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(199) In an effort to explain the “marvellous change” of an “obscure school-master” into a national political leader, [Jitendra Lal] Bannerji proposed to give his readers what was needed to plumb the “secret of that mysterious personality which has drawn to itself so much love, hope and reverence.” Glowing portraits of Rajnarain Bose and Dr. K. D. Ghose were followed by a potted biography of Aurobindo that stressed his intelligence and self-sacrifice. Released from jail after a year’s confinement, he “is like gold, thrice tested in fire.” Some called him a visionary and a dreamer. Jitendra Lal had no quarrel with that: “Yes, Aravinda Ghosh is a dreamer — but he has dreamed golden dreams for his country and people — visions of glory and triumph.” <Footnote 115> This article may be said to mark the beginning of the Aurobindo legend, which would assume new forms in the years to come. But Aurobindo does not seem to have been taken Jitendra Lal’s article too seriously. In December he published a letter by a professor named Hiralal Haldar that scoffed at Jitendra Lal’s hero-worshipping tone.<Footnote 116>
<para> Critics of Aurobindo could be as zealous in detraction as Jitendra Lal was in praise. Annie Besant again proclaimed him dangerous, even fanatical on account of “his refusal to work with any Englishmen.” <Footnote 117> Members of government used the same terms to describe the man they were trying to imprison. Some added that they thought he was slightly off his head: “There is madness in his family,” wrote the Viceroy to the secretary of the state, “and he probably has a bee in his bonnet.” Minto seems to have picked up this notion from R.C. Dutt, a onetime friend of Aurobindo’s, who had been asked for information by the political agent of Baroda. “Arabindo’s mother was off her mind,” Dutt volunteered, “and Arabindo himself was eccentric.”<Footnote 118>
<Rest of paragraph and long citation from Sri Aurobindo omitted>
Text of footnotes:
115. J. Bannerji, “Aurobindo Ghose — A Study,” 476–487.
116. Letter from Hiralal Haldar, November 5, 1909, published as “Comment and Criticism” in Karmayogin 1 (December 11, 1909): 5.
117. Besant in Central Hindu College Magazine 9 (September 1909): 210.
118. Minto to Morley, April 14, 1910, Minto Papers; Diary of R. C. Dutt, August 7, 1909, Baroda State Papers.
Sri Aurobindo’s adesh
(204) Years later Aurobindo explained that when he heard Ramchandra’s warning, he went within and heard a voice — an adesh — that said “Go to Chandernagore.” He obeyed it without reflection. Had he given it any thought, however, he would have found good reasons to comply. Chandernagore was a French possession, one of five scattered enclaves that made up the French settlements in India. Outside the jurisdiction of the British police, it had become an important center of nationalist activity. For a man with a British warrant against him, it was the best place near Calcutta to go. The adesh also came at an opportune moment. Aurobindo had written ten days earlier that he would “refrain from farther political action” until a “more settled state of things supervenes” — something that was unlikely to happen very soon. This period of political paralysis coincided with his own wish to retire from politics and spend more time practicing yoga. In December, he had looked into the possibility of buying land outside Calcutta to found a spiritual ashram.<footnote 134> Nothing came of this idea, but his urge to leave politics remained. It was only his awareness that his party depended on him that kept him in the field. But the return of Shyamsundar and the other deportees meant that the movement would not be leaderless if he left. In addition, the arrival of his uncle Krishna Kumar Mitra meant that his last family duty — looking after his aunt and her children — had come to an end.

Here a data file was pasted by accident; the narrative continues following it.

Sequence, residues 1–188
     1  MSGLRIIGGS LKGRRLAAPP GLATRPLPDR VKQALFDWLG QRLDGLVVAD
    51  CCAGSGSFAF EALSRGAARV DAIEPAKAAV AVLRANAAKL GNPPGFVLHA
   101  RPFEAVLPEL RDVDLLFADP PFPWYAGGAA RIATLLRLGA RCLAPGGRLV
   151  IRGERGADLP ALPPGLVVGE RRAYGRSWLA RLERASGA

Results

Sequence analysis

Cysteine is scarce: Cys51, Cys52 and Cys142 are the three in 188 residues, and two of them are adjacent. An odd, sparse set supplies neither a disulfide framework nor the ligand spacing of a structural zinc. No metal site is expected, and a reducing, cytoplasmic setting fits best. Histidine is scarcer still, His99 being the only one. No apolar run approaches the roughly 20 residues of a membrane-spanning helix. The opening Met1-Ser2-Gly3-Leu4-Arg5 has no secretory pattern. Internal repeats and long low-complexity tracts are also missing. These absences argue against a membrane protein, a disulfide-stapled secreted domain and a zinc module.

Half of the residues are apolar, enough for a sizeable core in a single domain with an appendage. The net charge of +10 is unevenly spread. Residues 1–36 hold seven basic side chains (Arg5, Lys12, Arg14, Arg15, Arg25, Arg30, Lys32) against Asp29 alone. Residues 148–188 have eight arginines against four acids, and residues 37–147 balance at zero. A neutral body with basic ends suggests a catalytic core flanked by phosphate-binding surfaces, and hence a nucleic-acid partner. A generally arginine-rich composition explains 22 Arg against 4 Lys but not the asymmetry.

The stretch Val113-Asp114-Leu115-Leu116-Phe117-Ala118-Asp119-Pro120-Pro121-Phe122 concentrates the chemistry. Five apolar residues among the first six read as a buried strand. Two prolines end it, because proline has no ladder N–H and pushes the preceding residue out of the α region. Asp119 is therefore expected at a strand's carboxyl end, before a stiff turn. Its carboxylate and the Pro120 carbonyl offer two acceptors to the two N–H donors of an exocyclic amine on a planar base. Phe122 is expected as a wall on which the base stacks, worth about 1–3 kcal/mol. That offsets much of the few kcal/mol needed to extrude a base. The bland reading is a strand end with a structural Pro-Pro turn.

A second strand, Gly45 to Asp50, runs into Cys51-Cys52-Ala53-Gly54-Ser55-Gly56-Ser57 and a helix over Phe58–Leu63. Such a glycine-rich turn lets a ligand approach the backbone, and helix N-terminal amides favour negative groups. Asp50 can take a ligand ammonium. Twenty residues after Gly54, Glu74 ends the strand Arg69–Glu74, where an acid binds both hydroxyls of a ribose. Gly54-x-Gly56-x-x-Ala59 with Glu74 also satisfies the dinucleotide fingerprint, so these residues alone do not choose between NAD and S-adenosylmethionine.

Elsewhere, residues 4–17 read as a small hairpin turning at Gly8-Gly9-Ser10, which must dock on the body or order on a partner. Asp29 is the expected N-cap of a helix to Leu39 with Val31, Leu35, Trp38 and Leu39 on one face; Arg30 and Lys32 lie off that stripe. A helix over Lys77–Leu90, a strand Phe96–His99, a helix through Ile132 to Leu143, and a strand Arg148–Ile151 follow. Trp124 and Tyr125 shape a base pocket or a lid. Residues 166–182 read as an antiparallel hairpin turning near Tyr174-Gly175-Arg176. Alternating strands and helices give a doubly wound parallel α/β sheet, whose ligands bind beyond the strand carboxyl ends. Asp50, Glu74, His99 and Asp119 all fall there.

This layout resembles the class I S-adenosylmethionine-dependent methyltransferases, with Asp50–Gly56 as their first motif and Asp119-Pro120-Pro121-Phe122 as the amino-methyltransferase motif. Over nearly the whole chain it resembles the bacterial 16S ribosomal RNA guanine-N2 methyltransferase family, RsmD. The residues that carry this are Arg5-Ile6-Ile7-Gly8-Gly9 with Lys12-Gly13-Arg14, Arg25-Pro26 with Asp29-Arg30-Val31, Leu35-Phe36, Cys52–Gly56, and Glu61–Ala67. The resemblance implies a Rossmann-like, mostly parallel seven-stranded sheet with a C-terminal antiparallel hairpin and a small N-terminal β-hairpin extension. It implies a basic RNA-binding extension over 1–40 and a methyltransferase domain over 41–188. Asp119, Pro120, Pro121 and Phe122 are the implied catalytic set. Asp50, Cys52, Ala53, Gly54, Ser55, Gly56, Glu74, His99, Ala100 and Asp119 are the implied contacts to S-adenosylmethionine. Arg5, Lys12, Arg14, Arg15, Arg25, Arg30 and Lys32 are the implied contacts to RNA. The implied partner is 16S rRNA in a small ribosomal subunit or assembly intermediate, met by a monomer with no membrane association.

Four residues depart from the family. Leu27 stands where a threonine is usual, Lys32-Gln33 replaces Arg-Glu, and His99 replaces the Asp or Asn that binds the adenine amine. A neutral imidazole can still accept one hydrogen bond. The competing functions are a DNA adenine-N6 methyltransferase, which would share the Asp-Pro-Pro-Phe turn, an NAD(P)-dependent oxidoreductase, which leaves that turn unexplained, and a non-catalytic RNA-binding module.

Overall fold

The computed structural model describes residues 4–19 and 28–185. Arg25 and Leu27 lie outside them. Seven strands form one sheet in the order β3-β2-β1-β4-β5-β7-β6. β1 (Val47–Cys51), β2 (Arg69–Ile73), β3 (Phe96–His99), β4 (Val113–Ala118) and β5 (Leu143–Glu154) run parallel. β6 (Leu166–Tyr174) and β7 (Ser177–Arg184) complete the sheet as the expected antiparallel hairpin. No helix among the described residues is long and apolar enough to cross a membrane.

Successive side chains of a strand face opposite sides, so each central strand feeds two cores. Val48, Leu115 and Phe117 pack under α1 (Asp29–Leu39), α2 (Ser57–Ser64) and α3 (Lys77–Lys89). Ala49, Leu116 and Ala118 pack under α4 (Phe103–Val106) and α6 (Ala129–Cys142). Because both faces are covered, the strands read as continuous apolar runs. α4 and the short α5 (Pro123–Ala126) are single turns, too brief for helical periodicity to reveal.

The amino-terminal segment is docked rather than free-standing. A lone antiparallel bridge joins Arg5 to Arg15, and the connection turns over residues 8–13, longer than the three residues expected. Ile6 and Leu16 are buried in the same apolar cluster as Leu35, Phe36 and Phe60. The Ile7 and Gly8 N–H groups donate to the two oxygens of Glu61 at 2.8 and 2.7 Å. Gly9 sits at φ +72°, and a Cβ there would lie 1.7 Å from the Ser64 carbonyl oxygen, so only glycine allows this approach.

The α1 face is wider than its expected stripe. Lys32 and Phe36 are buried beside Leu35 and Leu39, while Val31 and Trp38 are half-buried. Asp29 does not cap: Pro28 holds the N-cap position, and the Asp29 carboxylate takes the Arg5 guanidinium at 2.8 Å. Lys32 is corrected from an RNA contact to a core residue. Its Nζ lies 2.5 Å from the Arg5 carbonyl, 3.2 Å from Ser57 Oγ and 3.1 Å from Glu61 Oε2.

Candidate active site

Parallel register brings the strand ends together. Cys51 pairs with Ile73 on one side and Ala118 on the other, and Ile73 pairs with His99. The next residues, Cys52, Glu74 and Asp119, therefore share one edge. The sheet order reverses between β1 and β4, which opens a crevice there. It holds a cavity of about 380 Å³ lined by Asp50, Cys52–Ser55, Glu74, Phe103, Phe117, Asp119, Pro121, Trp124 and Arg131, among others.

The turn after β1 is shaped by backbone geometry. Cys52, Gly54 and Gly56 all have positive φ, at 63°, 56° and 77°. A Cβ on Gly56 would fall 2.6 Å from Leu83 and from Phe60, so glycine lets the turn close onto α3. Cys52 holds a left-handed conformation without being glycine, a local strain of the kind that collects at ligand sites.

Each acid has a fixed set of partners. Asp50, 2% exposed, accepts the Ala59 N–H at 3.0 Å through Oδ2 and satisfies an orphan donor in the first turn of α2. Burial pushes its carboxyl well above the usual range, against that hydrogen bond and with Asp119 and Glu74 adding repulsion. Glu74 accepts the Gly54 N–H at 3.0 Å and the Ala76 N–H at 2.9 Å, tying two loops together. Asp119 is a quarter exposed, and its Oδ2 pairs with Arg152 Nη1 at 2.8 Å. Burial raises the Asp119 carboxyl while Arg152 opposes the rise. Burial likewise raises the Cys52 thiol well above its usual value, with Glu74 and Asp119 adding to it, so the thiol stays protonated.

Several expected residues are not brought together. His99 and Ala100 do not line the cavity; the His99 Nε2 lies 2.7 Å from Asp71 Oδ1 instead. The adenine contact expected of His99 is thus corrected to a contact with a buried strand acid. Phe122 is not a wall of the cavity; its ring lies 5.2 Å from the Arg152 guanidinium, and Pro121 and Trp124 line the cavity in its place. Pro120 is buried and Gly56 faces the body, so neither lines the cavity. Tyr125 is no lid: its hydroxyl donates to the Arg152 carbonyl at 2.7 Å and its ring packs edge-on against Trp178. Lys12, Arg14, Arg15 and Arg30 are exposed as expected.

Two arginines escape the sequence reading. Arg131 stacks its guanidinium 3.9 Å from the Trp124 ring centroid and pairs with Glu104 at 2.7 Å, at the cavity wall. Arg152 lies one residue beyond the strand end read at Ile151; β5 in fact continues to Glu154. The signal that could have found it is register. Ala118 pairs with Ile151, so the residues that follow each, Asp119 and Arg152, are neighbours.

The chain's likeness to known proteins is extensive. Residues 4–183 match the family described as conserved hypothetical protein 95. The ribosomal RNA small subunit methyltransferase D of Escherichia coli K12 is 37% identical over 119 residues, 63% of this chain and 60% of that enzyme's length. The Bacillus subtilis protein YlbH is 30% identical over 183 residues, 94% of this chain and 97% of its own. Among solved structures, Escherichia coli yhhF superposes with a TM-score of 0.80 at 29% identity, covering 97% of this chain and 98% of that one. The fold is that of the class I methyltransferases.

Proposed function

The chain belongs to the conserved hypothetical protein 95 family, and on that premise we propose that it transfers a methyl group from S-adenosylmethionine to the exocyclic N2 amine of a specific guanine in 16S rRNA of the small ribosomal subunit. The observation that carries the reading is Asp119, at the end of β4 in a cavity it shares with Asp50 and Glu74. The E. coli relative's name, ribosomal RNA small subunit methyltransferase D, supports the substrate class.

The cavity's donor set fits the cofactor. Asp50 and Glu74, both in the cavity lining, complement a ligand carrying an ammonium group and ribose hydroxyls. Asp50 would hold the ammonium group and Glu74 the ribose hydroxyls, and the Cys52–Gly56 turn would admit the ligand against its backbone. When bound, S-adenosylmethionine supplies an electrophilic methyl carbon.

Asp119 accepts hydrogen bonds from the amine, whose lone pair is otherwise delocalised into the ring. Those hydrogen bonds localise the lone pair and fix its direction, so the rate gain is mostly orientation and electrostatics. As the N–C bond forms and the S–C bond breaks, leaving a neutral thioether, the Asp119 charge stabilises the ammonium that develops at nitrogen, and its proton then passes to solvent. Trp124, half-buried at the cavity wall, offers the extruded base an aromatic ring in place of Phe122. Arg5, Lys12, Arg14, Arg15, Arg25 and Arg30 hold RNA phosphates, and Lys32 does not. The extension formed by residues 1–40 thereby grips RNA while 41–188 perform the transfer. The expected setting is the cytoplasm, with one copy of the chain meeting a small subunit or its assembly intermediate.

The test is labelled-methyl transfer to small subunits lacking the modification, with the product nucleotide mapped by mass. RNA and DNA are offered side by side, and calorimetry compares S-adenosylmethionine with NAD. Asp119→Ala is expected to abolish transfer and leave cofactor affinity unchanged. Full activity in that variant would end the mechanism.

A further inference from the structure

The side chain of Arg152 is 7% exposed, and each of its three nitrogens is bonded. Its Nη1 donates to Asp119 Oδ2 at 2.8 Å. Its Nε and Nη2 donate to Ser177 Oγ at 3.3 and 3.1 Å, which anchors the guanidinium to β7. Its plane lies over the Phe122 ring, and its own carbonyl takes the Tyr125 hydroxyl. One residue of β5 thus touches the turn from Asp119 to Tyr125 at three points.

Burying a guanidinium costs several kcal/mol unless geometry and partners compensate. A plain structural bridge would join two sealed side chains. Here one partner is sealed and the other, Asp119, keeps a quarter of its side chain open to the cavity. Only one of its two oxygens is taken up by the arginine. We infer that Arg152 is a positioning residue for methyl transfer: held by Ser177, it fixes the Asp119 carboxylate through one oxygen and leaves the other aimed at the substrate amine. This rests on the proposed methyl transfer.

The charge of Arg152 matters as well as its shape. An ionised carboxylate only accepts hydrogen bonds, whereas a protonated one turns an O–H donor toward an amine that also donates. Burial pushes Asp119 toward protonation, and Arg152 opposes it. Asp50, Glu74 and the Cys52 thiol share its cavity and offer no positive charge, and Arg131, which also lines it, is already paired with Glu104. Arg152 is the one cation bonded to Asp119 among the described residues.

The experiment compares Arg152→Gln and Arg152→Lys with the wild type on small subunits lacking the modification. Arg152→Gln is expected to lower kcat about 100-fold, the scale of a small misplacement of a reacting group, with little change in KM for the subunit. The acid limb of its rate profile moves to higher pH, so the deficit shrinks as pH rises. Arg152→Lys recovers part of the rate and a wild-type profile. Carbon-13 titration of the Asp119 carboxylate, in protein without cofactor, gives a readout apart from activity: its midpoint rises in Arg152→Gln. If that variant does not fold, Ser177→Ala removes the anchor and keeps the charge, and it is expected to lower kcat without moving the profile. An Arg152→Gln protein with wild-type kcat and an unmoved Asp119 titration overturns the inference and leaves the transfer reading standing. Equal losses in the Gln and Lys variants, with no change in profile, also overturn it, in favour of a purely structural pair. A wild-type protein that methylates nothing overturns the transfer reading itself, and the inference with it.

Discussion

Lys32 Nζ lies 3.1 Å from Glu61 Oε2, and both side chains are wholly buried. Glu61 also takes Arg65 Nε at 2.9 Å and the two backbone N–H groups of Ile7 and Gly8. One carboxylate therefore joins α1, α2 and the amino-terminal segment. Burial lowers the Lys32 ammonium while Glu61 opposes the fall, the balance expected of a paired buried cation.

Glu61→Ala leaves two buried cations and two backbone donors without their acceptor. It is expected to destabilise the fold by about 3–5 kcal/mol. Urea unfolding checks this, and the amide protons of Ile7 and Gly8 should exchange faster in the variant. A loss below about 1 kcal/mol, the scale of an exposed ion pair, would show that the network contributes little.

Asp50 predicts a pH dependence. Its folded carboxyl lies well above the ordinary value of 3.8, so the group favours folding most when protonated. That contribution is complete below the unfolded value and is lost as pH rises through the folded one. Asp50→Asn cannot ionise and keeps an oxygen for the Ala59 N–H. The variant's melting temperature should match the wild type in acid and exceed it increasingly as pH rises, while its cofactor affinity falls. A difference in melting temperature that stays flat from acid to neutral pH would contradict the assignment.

This is not to suggest that he thought all this through when he decided to leave Calcutta. By his own account, his “habit in action was not to devise beforehand and plan but to keep a fixed purpose, watch events, prepare forces and act when he felt it to be the right moment.”<footnote 135> The moment for his departure had come. As he sailed up the Hooghly in his little wooden boat, he probably was not looking further ahead than the next few days.
Texts of footnotes 134 and 135:
134. Government of India, Home Department Proceedings, series A, January 1910, 141–142: 4.
135. Sri Aurobindo, On Himself, 18.